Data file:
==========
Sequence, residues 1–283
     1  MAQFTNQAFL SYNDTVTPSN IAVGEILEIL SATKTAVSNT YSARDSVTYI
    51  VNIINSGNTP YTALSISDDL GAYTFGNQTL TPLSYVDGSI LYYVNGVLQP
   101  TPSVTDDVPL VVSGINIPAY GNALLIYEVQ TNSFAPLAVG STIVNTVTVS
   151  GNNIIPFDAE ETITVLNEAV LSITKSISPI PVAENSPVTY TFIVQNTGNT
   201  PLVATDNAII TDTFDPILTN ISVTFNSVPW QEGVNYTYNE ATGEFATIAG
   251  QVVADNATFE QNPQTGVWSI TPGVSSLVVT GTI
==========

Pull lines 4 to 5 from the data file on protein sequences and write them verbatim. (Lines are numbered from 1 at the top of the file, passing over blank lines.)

   101  TPSVTDDVPL VVSGINIPAY GNALLIYEVQ TNSFAPLAVG STIVNTVTVS
   151  GNNIIPFDAE ETITVLNEAV LSITKSISPI PVAENSPVTY TFIVQNTGNT